Manually approve Microsoft Bookings appointments

Set Bookings to manual approval

Microsoft Bookings is a pretty nice feature that allows you to create services for your customers to request. It’s built on Exchange platform and available for select Office subscriptions (Business Premium + at time of writing this post). In short, you define a set of services that you offer, publish it to the Internet (or as a Facebook-page plugin(!)), and let customers do self-service. Pretty nifty, especially for small local businesses which usually lack on IT resources.

One of the obstacles I have stumbled onto is lack of manual approvals – that is, a customer can book a time which you have forgotten to set as unavailable. Bookings is able to read your calendar and does not display dates where you are busy in your calendar. Currently, once customer finishes Bookings, they immediately receive an e-mail with confirmation and a new meeting is created. This has even been raised on Bookings UserVoice (204 votes so far). ETA for implementing this feature natively is rather unknown, but thankfully we have a mail flow feature in Exchange Admin Center.

Here is a quick roundup of steps that you need to take to set this up:

  1. Login to Exchange Admin Center
  2. Go to Mail Flow, and create new rule as follows:


Booking page mail is created when you first set up Bookings app. If you don’t know it, you can find it in the URL:

A quick explanation of settings: Any mail that goes out from your organization from your bookings mail, that contains mentioned keywords in subject, and goes outside of your organization (to the customer) will be sent for approval to person of your choice. Save the rule and test it. An approval mail will be sent shortly to you, that looks as follows:


Once you press “Approve”, Bookings mailbox will send the message to the customer, confirming their appointment. One thing I noticed is these decision buttons seem not to display properly on Outlook for Android (and possibly for other mobile apps).

Let me know if this helped you, or if you need further assistance, feel free to contact me


Automatic portfolio created from Instagram tags

Hey there!

Recently my SO had that idea to try her strengths in make-up industry. Details aside, she needed some IT to promote her business and that’s where I come in. I created a website, loaded some Bootstrap theme that included nice portfolio (I’m no frontend guy, any interaction with JS/CSS is a no-no for me), and this portfolio had to be populated with actual images. For us to save the work I wrote an ASP.NET code which pulls image data from Azure Table storage, and injects it into view. I decided to use Flow to actually put the data from Instagram to Table storage.

For her clients she makes a photo of before and after – to see the actual difference make-up can do. Every time she posts a photo to Instagram with specific tag, Flow pulls the photo to Azure Table storage, where in turn website queries it and displays photos. you can see the end result here (mind you, some photos are not yet replaced, work in progress 😉 ):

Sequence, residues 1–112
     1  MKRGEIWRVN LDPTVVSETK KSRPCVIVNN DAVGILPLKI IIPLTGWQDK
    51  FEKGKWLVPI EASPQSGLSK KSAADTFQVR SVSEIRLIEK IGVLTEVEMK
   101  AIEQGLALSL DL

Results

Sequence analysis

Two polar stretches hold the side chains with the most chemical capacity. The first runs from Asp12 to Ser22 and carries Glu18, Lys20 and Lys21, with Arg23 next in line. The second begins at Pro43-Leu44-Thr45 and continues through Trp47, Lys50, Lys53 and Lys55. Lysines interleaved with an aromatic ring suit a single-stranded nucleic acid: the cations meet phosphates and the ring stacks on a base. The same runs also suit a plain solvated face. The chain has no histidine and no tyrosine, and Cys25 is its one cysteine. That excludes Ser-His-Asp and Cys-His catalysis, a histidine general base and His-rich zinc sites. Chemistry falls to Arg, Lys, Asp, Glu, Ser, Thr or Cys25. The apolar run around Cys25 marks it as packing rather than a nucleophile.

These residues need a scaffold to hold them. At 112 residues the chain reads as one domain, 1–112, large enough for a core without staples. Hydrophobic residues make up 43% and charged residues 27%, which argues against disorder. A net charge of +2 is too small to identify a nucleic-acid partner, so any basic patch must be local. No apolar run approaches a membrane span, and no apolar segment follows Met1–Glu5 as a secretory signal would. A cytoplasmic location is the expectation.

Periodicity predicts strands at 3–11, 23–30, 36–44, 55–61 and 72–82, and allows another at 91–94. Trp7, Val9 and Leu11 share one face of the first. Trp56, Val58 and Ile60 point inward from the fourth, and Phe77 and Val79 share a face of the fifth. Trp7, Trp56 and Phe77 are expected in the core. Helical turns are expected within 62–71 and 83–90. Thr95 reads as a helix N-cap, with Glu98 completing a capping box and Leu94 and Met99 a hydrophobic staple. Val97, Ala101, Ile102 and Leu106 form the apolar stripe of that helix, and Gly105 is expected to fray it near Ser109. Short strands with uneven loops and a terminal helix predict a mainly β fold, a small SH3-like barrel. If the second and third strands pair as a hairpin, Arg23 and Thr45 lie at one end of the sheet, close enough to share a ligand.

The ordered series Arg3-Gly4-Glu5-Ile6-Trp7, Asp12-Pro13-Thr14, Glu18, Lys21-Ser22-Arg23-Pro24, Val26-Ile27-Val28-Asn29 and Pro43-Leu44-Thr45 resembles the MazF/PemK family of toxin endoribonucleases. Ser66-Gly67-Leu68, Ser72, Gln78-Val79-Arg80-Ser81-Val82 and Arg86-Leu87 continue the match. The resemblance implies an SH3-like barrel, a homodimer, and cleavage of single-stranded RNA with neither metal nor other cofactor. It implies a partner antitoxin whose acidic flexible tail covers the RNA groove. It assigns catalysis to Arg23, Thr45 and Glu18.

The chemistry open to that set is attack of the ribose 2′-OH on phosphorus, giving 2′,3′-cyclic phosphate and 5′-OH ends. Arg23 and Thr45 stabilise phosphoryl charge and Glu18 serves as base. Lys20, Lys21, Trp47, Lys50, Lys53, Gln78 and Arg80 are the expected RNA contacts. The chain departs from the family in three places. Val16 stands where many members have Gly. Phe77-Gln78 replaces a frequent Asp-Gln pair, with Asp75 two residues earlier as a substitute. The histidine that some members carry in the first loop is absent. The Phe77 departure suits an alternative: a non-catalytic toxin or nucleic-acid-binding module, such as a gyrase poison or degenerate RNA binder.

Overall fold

Lyada Website – Makeup

The tags we agreed to use is #LyadaDaily, for all the occasional photos, #LyadaWedding, where she would do the make-up for brides, and #LyadaArt, where the make-up is advanced and serves rather theatrical purpose. This is how it looks on the website:

Screenshot-2018-2-28 Lyada Make-up - mobilna wizażystka Warszawa z dojazdem do klienta

The flow itself is triggered with new Instagram Media:

Screenshot-2018-2-28 Edit your flow Microsoft Flow(1)

Afterwards, the ID of uploaded media is used in activity “Get my recent media”. This retrieves all recent objects, as I want to use this opportunity to update the previous posts as well (I need to update the “Likes” count, to show only top works on website).

Screenshot-2018-2-28 Edit your flow Microsoft Flow(2)

The condition tree is built that way because so far Flow does not support a Switch statement that would simply this task. Right now each condition looks for text matching a specific tag, and processes this entry into Azure Table. If the content doesn’t match, a second and then third condition is evaluated.

Finally, “Insert or Merge entity” is used. I have had to spend some time figuring that one out, but it finally worked. In the Azure Table storage, I chose the PartitionKey \ ID primary key constraints, as these are going to be rather unique. Screenshot-2018-2-28 Edit your flow Microsoft Flow(3)

That aside, if you are not familiar with Flow from Microsoft, check it out on – for non-Office users there is a free tier, which allows for 750 Flow runs per month, with polls (triggers) every 15 minutes.

If you’ve had any troubles with it, let me know and maybe I can help out 🙂

~Alex Pawlak